Magicians Know More Than Scientists

Mohammad Saleem, a local magician, entertains children in a refugee camp in Kashra, Pakistan near Balakot Monday Oct. 31, 2005, where organizers held a carnival. (Image credit: AP Photo/Richard Vogel.)

Magicians are way ahead of psychologists when it comes to understanding and exploiting the human mind and our perceptual quirks.

A new study, detailed in the current online issue of the journal Trends in Cognitive Sciences, reveals how elements of human cognition, such as awareness and perception, could be explained by the success of some techniques commonly used by magicians.

For instance, vanishing tricks rely on the idea that we are only aware of a small part of what's in our visual field.

"Although a few attempts have been made in the past to draw links between magic and human cognition, the knowledge obtained by magicians has been largely ignored by modern psychology," said researcher Ronald Rensink, who specializes in vision and cognition at the University of British Columbia in Vancouver.

Seeing is believing?

Rensink, UBC colleague Alym Amlani and Gustav Kuhn of Durham University in England recently lifted the lid on some key techniques in the classic magician's toolbox.

One of their revealing experiments highlighted the disconnect between what participants saw with their eyes and what they were focused on with their minds.

The researchers showed 46 participants a video clip of a magical performance while measuring each subject's eye movements. In the performance, a cigarette and lighter once in the magician's hands disappear (he drops each into his lap). About 50 percent of the participants claimed to see the objects being dropped while the others didn't.

"What people actually saw was not related to where they were looking," Kuhn told LiveScience. "Several participants who were looking at the object being dropped failed to see how it was done."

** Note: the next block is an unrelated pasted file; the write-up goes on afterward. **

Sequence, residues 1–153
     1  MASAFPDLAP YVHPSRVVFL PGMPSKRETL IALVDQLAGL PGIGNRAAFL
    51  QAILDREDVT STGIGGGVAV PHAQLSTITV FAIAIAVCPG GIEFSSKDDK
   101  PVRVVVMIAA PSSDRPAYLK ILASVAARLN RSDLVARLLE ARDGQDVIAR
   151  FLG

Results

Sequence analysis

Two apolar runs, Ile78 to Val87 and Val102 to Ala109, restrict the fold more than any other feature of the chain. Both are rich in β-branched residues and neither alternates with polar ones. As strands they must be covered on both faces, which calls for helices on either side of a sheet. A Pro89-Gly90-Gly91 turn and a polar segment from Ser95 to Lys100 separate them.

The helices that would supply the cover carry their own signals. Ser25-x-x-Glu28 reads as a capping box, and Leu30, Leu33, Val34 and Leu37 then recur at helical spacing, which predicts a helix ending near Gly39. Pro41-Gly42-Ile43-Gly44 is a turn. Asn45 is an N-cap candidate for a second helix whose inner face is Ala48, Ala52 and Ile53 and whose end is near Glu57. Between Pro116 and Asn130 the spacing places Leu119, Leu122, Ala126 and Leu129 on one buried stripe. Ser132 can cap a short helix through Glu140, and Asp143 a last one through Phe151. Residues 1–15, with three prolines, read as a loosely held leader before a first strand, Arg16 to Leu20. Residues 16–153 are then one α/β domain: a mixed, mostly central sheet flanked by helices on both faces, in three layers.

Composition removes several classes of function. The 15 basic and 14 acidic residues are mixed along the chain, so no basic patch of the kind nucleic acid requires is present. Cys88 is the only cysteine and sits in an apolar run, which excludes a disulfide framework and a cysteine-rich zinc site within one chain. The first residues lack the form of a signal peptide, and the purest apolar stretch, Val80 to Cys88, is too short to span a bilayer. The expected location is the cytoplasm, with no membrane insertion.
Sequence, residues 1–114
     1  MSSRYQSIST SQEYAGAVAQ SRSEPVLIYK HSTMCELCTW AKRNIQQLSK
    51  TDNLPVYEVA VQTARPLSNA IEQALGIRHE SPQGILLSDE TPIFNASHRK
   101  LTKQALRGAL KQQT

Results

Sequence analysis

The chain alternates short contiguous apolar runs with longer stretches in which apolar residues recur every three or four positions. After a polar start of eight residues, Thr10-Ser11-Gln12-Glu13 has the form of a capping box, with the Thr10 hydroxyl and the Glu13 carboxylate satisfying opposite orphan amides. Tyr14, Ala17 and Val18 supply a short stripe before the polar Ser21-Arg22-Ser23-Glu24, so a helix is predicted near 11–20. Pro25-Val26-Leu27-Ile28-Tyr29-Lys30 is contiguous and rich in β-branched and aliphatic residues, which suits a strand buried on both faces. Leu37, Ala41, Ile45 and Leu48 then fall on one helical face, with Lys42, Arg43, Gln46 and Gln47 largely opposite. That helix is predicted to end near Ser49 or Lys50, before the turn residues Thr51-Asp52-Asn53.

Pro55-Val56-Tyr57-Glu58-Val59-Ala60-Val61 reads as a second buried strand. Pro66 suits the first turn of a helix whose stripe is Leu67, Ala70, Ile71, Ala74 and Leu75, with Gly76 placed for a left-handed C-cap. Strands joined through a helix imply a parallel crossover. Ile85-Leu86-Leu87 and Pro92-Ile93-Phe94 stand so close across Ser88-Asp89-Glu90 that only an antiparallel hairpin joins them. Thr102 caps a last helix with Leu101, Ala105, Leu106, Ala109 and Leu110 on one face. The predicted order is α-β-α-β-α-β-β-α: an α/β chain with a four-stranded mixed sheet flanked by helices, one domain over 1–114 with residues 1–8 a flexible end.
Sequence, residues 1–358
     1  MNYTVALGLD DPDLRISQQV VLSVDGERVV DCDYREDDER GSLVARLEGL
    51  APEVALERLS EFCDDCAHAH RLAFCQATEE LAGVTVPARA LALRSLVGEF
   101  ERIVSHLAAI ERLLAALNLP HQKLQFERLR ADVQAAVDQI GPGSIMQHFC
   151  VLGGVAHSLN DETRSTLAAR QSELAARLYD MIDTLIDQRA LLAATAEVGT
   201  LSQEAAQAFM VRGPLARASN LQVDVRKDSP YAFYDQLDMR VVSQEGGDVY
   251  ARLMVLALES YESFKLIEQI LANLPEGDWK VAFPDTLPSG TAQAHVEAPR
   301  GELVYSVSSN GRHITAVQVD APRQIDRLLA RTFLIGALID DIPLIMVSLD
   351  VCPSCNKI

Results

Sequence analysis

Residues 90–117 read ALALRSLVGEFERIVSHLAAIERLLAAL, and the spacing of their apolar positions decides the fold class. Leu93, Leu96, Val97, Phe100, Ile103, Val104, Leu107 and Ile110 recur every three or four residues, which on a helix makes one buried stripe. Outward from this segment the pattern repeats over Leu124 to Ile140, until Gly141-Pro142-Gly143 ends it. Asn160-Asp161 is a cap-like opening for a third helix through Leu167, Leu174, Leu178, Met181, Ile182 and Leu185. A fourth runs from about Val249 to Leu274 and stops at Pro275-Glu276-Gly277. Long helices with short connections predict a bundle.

Even though their eyes were focused on the objects, their attention was elsewhere, he said.

Magicians have used so-called misdirection tricks for centuries to make scarves or animals appear out of thin air or cause other objects to vanish. But it's only been in the last two decades that vision scientists have found that only a small part of the information that enters your eyes, essentially the part that has grabbed your attention, enters your conscious awareness.

More mental tricks

Optical illusions rely on the fact that we can "see into the future." When we see a magic trick, for instance, the light from the objects hits our retinas about one-tenth of a second before the brain translates the signal into a visual perception. To compensate for the neural lag, we have evolved to predict the outcome of events.

These predictions leave us vulnerable to deception, the researchers say.

For example, a vanishing ball illusion indicates that anticipation plays a factor in what we see, and our minds fill in the blanks. In this trick, the magician tosses a red ball into the air two times and on the third throw, instead of releasing the ball, the magician holds onto it. However, study participants reported seeing the magician toss the ball into the air three times before the ball "disappears."

Then there's the trick where you pick a card from a deck of playing cards. Voila, a magician guesses which card you picked. Turns out, this "magic" is really a mind trick called forcing where the magician controls which card you pick by, say, putting you under stress to act quickly. 

A study led by Petter Johansson of Lund University in Sweden published in the journal Science in 2005 showed that observers often fill in the gaps of memory by fabricating reasons for their choices.

The researchers say magician's techniques could be used by cognitive scientists to test various theories.

"Magicians have been using these psychological principles to manipulate our perception [for centuries]," Kuhn said. "Cognitive science, particularly looking at attention and the interaction between attention and awareness, is a fairly new discipline, whereas magicians have been doing this for centuries."

Jeanna Bryner
Live Science Editor-in-Chief

Jeanna served as editor-in-chief of Live Science. Previously, she was an assistant editor at Scholastic's Science World magazine. Jeanna has an English degree from Salisbury University, a master's degree in biogeochemistry and environmental sciences from the University of Maryland, and a graduate science journalism degree from New York University. She has worked as a biologist in Florida, where she monitored wetlands and did field surveys for endangered species. She also received an ocean sciences journalism fellowship from Woods Hole Oceanographic Institution.